You could also couple this with a strategic plan for getting as many balls as possible or whatever .... then let it go autonomous.
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Postby rogerfgay » Mon Nov 01, 2010 7:33 pm

The concept of High Level Logic software has not been easy for me to describe in a few short sentences, nor even in a technical brief. I'm trying a story telling approach. There are now two short first draft "chapters" on the history of the idea that also introduce the software design - in their own way.

This is a different approach to explaining software. Please feel free to comment.

Chapter 1 starts here: http://highlevellogic.blogspot.com/2010 ... ter-1.html
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Postby rogerfgay » Sat Nov 13, 2010 3:23 am

Getting closer and closer to version 1.0 every day. Scenarios like this won't be difficult at all. Easy stuff.

http://www.physorg.com/news/2010-11-eth ... video.html
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Postby rogerfgay » Sat Nov 13, 2010 1:00 pm

When Will We Have Artificial Intelligence?

http://highlevellogic.blogspot.com/2010 ... icial.html
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Postby rogerfgay » Sun Nov 14, 2010 10:47 am

I've been thinking about how easy it will be to set up complex robotics scenarios with HLL. My focus currently is on bringing HLL to version 1.0. Those of you who've read the blog know that - you can build applications with HLL now - but you'd find yourself writing enough Java that - except for the ability to easily communicate with other HLL units anywhere - and a great start on a browser-based GUI for robots (pushes to SVG dynamic graphics that can show your robots position) .... you might wonder why you're doing it. OK - if you want to control your robot from anywhere through a browser - but maybe you don't need that right now.

Anyway - just wanted to be sure I'm not giving a false impression before I go on - actually have some good thoughts in mind. Version 1.0 isn't that far away - but it's not there yet.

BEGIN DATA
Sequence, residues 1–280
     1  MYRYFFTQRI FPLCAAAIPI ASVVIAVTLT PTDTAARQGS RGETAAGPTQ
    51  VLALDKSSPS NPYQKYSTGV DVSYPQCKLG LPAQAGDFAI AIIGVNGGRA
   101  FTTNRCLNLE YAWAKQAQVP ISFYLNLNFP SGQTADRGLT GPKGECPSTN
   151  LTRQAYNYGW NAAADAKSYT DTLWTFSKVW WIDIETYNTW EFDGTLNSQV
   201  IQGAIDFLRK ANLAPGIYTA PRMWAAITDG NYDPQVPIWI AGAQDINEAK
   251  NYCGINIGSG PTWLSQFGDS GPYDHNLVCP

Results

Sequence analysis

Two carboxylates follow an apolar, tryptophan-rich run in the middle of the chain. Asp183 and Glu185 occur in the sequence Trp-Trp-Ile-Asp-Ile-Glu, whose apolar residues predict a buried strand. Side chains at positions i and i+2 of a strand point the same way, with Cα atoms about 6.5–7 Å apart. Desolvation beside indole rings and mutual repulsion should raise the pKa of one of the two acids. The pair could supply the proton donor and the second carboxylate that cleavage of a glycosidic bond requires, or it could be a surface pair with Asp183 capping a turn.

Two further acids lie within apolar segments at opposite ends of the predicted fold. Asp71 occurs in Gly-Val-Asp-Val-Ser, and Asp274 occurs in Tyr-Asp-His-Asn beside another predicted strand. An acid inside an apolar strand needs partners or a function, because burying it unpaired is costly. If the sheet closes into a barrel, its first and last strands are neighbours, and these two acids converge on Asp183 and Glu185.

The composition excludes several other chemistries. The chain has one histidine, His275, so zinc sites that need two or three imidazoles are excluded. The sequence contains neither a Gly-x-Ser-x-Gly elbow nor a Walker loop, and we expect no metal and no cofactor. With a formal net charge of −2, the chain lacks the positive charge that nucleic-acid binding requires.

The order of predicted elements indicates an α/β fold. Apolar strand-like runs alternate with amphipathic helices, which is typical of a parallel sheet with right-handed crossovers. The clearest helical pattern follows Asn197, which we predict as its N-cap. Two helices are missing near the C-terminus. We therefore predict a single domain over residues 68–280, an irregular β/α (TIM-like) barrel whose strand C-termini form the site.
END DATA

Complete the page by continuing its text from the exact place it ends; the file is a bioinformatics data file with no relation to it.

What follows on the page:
I was thinking about how easy it's going to be - in combination with LeJos, to set up complex scenarios. With HLL, you can do the building from the other direction - i.e. top-down - which should be implied by the title of the software "high level logic."

So, what I have for a demo, is a robot with a High Level Logic (HLL) controller on a computer, and the browser-based GUI Command Center (loosely) connected to its own HLL. A command is issued from the GUI, which is processed by the Command Center HLL and then sent to the robot's HLL. The robot's HLL sends messages via a simple "expert" to the robot itself.

I built this demo while working on the HLL prototype. video: http://highlevellogic.blogspot.com/2010 ... video.html

It uses a simple robot simulation that sends new position information back. But now that I have a Lego robot built, I want to change the demo so that the robot's HLL uses an "expert" that makes the connection to the LEGO robot using LeJos.

Overly complicated? No, not if you consider what can be done with this set up.

On the robot side, there would be sufficient software to take care of some basic commands like move forward by x meters or continue x operation until. The HLL part would contain the higher level plans. I'm thinking along the lines of setting up a scaled logistics operation of some complexity. The HLL will carry the plan for the robot operating in this environment - carrying out a complex set of tasks.

But wait - there's more.

Let's say that we need to issue a command to the robot that the robot does not know how to carry out. In the real world, this can happen when you have a new robot out of the box, that hasn't been programmed for the activities of the site, or you have a new activity and haven't told all your robots how to do it yet.

You'd issue the command through the Command Center, as usual, and the Command Center's HLL would pass the message to the robot's HLL as usual. But the robot's HLL would check to see if it can carry out the command and respond with a refusal on the grounds that it doesn't know how to do what it's being asked to do.

The Command Center's HLL responds by delivering the needed resources to the robot's HLL.

For a new robot out of the box, so to speak (i.e. only primitive commands supported by its HLL - we assume all robots have HLL right out of the box) the robot will first need Java and HLL components needed to execute whatever will be within its domain (verses a sequence of commands issued by the Command Center HLL), and then it may also need a map (for example) of its new working environment.

There's the sketch - and I'll want to have all of this well supported with version 1.0 of HLL. This is in fact, a primary reference application for HLL.

Since I'm new to LeJos and must spend the bulk of my time working on HLL, I'm wondering if there's anybody out there who might find this interesting enough to consider helping out with LeJos expertise (and perhaps even some coding).
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Re: High Level Logic (HLL) Open Source over leJOS

Postby rogerfgay » Sun Oct 23, 2011 10:06 pm

Correlation does not prove causality.